Holy Trinity 2016

I bet some of you love a good mystery, don’t you? When I ask people what kinds of books they like to read, often I hear people say they can get lost in a great mystery novel. Nancy Drew, The Hardy Boys, Sherlock Holmes, Agatha Christie – there’s nothing like a mystery to keep us turning the pages and wondering what will happen next.

The thing about mysteries is that people love to try to figure them out. That’s why they exist, right? To be solved! People love a mystery – and so people throughout the centuries and pastors on Holy Trinity Sunday, try all sorts of different ways to explain the nature of God.

Analogies and illustrations abound – and I think I have used them all over the years. There is the one of using an egg – and saying how just like an egg has the yolk, the egg white, and the shell but yet is just one egg, so There is Jesus and the Spirit and God the Father and all together they are God.

Or there is the one where you talk about how water can take the form of liquid, ice, and steam – all of them are water, just different forms – just like God is in the form of the Father, the Son, the Spirit.

Or there is the illustration I heard recently – just like Neapolitan ice cream has vanilla, chocolate, and strawberry but all of it together is Neapolitan ice cream – so the Father, the Son, the Spirit together is God.

All of these illustrations fall short, though. While it may be human nature to try to figure out exactly mysteries, understanding the nature of God and describing who God is neatly and succinctly is simply not possible. God exists in mystery. Our human words and thoughts about God can always tell something about God, but not everything. Yes, God is near and part of our every moment and breath – but God is also a vast mystery.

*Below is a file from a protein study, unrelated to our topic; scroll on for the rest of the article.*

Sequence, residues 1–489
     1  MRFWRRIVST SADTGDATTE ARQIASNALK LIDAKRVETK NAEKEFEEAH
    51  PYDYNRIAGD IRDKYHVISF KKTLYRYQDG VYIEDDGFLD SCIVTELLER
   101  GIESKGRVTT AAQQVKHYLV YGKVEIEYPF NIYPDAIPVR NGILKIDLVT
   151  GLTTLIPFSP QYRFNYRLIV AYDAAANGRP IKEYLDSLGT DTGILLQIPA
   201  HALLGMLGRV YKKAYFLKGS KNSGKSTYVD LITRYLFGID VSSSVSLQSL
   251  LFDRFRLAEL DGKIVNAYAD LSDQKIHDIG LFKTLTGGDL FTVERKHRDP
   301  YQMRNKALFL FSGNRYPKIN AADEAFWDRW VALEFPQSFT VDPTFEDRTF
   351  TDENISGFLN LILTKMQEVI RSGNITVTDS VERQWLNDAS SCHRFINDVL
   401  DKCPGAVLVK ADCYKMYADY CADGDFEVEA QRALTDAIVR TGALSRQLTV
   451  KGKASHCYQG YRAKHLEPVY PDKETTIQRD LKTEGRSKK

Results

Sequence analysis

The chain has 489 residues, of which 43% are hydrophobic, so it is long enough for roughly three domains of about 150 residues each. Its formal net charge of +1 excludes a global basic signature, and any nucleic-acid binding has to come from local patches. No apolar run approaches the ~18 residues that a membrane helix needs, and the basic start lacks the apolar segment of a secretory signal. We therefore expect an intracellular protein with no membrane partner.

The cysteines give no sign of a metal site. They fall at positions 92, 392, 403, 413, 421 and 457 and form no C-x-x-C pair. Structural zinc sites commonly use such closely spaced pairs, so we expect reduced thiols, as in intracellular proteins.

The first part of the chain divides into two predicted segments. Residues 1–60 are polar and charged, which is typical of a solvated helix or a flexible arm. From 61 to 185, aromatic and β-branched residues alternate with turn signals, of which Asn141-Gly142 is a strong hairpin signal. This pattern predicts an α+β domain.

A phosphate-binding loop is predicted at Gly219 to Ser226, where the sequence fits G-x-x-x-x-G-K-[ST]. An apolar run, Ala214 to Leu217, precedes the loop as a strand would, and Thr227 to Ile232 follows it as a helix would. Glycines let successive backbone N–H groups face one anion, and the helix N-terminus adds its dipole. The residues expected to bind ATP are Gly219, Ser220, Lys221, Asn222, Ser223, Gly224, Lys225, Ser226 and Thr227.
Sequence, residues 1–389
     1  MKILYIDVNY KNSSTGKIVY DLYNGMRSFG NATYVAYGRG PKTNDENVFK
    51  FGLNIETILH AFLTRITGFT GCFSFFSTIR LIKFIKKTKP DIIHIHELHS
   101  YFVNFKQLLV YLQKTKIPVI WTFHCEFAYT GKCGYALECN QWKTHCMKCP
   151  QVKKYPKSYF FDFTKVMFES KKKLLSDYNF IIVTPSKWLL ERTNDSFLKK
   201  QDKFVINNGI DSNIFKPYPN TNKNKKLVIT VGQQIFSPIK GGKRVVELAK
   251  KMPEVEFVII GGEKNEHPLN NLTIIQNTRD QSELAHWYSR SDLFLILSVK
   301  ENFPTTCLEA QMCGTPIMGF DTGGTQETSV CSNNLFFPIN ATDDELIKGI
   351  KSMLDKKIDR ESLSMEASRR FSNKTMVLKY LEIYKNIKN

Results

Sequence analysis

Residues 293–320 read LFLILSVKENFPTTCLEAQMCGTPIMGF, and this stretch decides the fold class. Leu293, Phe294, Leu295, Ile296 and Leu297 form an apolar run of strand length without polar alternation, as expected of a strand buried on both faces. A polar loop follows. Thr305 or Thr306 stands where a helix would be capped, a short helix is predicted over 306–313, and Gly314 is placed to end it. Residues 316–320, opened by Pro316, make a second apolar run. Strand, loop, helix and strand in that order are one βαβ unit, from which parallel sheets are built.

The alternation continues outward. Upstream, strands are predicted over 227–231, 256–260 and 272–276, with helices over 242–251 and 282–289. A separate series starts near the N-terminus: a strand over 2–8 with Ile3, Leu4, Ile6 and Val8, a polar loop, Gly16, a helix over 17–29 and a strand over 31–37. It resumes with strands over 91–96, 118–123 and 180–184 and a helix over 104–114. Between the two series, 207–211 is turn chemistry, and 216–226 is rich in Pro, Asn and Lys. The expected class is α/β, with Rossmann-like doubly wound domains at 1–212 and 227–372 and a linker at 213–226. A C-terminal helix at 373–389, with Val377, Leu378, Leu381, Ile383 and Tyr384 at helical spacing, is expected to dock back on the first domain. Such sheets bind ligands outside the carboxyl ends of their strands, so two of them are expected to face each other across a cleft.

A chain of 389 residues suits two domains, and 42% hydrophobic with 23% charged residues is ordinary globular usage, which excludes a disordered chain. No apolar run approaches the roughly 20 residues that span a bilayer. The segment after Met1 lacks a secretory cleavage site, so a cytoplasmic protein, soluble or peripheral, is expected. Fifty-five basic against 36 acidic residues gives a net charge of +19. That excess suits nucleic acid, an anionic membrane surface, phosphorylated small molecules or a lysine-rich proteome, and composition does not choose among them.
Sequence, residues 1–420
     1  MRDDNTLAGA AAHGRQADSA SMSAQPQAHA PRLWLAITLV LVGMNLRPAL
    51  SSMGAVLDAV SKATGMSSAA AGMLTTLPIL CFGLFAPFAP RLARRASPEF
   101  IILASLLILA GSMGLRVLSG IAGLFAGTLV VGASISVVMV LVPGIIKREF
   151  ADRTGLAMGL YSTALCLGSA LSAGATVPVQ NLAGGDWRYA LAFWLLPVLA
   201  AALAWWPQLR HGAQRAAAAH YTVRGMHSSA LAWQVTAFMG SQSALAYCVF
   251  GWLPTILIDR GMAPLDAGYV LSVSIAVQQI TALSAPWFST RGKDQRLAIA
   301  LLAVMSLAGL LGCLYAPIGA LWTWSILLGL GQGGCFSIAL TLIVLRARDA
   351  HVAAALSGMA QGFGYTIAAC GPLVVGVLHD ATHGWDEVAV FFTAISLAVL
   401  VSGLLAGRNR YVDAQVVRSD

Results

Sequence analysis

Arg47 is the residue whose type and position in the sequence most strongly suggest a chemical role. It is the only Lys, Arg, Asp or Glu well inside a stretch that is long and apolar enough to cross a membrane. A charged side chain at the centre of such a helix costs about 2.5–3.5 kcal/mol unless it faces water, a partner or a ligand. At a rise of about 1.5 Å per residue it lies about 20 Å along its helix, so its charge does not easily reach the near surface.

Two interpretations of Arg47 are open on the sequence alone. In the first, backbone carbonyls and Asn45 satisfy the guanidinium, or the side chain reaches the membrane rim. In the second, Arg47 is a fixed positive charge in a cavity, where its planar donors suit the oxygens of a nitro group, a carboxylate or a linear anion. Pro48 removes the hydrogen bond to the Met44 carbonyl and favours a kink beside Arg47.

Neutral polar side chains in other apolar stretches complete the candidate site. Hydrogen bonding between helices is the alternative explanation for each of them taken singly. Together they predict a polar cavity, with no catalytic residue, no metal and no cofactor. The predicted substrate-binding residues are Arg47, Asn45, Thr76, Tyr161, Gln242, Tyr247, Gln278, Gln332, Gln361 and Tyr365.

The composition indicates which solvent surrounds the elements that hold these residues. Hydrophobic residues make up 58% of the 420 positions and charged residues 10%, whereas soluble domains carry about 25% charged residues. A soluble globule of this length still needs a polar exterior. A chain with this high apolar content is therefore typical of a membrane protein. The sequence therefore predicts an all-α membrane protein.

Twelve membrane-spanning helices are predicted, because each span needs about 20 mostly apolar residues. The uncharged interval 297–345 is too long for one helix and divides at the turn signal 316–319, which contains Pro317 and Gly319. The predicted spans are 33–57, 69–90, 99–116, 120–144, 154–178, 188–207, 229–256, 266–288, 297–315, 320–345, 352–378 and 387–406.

The creeds we recite in church every Sunday were the attempt of the early church to chip away a little at that mystery, get everyone unified in belief and describe the nature of God.

The three creeds we are most familiar with in the Lutheran church are the Apostles’ Creed, the Nicene Creed and the Athanasian Creed. Each creed longer and more complex than the one before it. Today we did the Nicene Creed together – the Athanasian Creed is three times longer than the Nicene Creed. It’s popular for some churches to recite the Athanasian creed together on this Sunday, Trinity Sunday – but it must not be too popular because they didn’t even include that creed in our new red hymnals.

It’s a hard creed. It begins and ends with law – the first lines are, “whoever wants to be saved should above all cling to the catholic faith. Whoever does not guard it whole and inviolable will doubtless perish eternally.” The final lines of it are – “those who have done good will enter eternal life, those who have done evil will enter eternal fire. This is the catholic faith. One cannot be saved without believing this firmly and faithfully.” And between these two harsh proclamations is an awful lot of dissecting the personhood of God – Father, Son, Spirit.  

I read this creed and I think, no one would know, if they only heard this creed, that the heart of the Christian faith is grace.

The creeds were all the attempts of human beings to put into words what absolutely cannot be put into words. They were written during a time when intense debates were happening about the nature of God. Great minds wrestled with how to confess the Triune God of Sacred Scripture faithfully and fully.

But certainly not everybody likes creeds.  Some churches never recite the creeds anymore. This makes sense for a lot of reasons –

In our democratic society there is now a tendency toward individualism and anti-authoritarianism. 

In our age there is less and less respect for history. 

There is a great downplaying of doctrine – ‘doctrine’ is holding to a certain set of beliefs. Methods, social change, experience and gifts are often considered much more important than doctrine. 

Some would claim that the creeds are just human documents, not the divine Word of the Gospel. 

Some groups such as the Quakers, object to creeds because they fear that they will get in the way of the free interpretation of the Bible. They also consider them to produce division.

All of these are valid points. But let’s think about ways the creeds are still useful:

Well, first, it’s good to learn from the struggles of the early church. The creeds were created as the church dealt with controversial ideas and struggled to determine what it truthfully believed. They certainly don’t say everything about our faith, but they do remind us of important parts of it.